Running time: 62 minutes
Animated and Narrated by Don Hertzfeldt
Plot: "Bill struggles to put together his shattered psyche, in this new feature film version of Don Hertzfeldt's animated short film trilogy." - From IMDB.
What the above plot synopsis does not include is that the majority of the film is performed by stick figures.
How I discovered it: I was first introduced to Don Hertzfeldt's animation in college when a couple of friends shared with me his short, entitled Rejected. It was without a doubt one of the funniest things I had ever seen, but I had no idea the emotional magnitude that this animator was capable of reaching with his work.
While taking an animation class we watched one of his earlier shorts, Billy's Balloon.
Seriously, watch this all the way through, it's worth it. (Unless you have kids. In which case it might just be unsettling....or even more funny.)
Finally, I discovered his masterpiece, It's Such a Beautiful Day, on Time out London's list of the 100 Best Animated Movies Ever Made. Where it appears as number 16 between Wallace & Gromit in the Curse of the Were-Rabbit (2005) and Grave of the Fireflies (1988).
(I should add that this is a fantastic list for searching for animated gems. I will undoubtedly return to it for more "Off the beaten path" movies.)
Memorable Moment: When Bill's psyche finally goes through the final stages of breaking down and the stick figure world he inhabits begins to waver in and out and flow into a vivid live action universe.
After nearly an hour of seeing almost nothing but simple, black and white stick figures, the shock we receive from the colors and details makes the scene almost as overwhelming for the audience as it is for Bill. We finally see why the rest of the story had to be told with such simple animation.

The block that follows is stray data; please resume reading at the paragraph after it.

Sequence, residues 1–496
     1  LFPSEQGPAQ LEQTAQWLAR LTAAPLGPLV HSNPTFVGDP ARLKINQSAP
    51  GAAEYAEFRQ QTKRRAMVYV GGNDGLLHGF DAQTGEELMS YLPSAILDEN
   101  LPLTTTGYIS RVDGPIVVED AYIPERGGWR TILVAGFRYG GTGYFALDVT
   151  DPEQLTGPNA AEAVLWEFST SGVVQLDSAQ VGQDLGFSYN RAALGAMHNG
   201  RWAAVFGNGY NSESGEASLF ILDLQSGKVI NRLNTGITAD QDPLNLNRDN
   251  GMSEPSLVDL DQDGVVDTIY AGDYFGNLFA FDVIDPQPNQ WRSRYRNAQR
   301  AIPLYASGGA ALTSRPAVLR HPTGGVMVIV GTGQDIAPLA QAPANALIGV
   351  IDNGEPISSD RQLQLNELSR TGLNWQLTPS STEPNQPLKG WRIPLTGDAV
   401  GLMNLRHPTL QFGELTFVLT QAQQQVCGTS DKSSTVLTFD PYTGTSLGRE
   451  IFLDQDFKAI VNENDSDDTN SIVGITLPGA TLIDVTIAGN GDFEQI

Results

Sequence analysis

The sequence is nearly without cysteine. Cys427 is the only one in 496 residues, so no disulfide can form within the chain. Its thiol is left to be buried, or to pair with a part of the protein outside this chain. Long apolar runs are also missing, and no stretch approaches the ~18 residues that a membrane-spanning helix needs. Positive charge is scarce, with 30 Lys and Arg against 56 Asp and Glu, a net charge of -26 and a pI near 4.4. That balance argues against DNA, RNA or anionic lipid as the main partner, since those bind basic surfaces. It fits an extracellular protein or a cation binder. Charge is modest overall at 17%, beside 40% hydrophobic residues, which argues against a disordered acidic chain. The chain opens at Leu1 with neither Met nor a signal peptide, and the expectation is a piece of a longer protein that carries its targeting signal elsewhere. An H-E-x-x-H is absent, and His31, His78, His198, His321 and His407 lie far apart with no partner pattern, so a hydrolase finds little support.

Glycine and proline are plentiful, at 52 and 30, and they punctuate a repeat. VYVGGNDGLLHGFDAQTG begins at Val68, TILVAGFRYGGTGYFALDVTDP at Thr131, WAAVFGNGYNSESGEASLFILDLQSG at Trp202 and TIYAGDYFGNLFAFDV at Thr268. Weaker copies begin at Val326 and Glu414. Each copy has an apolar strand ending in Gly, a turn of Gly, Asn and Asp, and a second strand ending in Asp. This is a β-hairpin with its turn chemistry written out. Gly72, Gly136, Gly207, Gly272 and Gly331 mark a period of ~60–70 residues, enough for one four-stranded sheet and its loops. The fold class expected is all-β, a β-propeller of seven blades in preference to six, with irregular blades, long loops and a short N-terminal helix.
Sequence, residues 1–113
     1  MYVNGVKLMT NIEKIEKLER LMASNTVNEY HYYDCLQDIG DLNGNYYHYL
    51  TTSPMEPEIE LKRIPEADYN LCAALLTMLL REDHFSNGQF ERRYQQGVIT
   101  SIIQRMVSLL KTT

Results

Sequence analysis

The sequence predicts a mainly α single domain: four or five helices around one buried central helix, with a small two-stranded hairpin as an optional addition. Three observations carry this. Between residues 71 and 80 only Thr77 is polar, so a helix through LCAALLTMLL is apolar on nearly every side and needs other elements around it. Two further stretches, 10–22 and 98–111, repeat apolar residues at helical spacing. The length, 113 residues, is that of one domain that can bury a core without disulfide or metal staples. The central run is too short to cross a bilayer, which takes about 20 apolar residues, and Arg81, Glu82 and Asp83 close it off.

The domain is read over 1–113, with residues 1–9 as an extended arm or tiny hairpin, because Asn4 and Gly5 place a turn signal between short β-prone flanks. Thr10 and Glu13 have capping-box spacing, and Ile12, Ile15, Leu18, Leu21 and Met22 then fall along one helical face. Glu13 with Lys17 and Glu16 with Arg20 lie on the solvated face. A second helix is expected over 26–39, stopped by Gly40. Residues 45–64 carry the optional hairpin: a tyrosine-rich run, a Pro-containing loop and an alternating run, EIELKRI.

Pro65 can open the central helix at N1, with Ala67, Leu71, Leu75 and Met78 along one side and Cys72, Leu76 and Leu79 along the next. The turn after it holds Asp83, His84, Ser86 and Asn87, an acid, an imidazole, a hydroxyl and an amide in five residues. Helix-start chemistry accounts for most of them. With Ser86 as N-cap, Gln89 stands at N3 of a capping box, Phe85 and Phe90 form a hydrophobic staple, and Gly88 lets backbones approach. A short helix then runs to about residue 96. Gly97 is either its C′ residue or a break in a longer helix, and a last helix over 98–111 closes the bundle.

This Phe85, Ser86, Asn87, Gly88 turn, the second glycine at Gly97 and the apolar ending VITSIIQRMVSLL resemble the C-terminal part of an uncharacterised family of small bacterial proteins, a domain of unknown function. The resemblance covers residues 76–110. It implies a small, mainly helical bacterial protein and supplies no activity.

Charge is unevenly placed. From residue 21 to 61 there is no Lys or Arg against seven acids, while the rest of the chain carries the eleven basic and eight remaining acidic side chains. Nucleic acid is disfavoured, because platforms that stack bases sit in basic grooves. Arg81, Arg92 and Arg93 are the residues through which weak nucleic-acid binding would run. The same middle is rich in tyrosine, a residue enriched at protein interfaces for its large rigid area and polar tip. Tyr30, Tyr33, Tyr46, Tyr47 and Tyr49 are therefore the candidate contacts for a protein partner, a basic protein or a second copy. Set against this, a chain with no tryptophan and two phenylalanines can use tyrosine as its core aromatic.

Background: It's Such a Beautiful Day is the closest thing to a one man show you're going to get in cinema. With the exception of music and "special thanks" there is only one individual other than Don Hertzfeldt listed in the ending credits. A Brian Hamblin is listed as editor.
The movie was originally released as three separate short films. Everything Will Be OK (2006), I Am So Proud of You (2008) and It's Such a Beautiful Day (2011). Supposedly the three films combined earned ninety awards.
Apparently the Los Angeles Film Critics Association liked this movie enough to name it their runner-up for Best Animated Feature Film of the year, but they liked Frankenweenie more because it won top prize.
"There is a moment in each installment of Don Hertzfeldt's masterful trilogy of animated shorts where you feel something in your chest. It's an unmistakably cardiac event, the kind that great art can elicit when something profound and undeniably true is conveyed about the human condition. That's when you say to yourself: are stick figures supposed to make me feel this way? -Steven Pate of The Chicagoist
Who Should Embrace it: This is a movie for anyone who wants to see a surrealistic film that covers heavy philosophical topics involving mortality, memories, and terminal illness and is (for the most part) performed by stick figures.
OK, there aren't many people who fall in that category.
To be honest, there isn't a person I know who I wouldn't recommend this movie too. It is almost unbearably heavy at times. Some of the lightest moments are drenched in melancholy. However, it is a movie you should see because there is nothing else like it out there. I have seen few movies that are as sincere or as profound as this one.
It's Such a Beautiful Day is even further proof of my conviction that "high art" can come in any format.
Even if you think you'll hate it, give it a shot. It's barely longer than an hour.
Connections: Along with the shorts I already posted above, Don Hertzfeldt also animated one of The Simpson's most unique couch gags.
His most recent film is World of Tomorrow.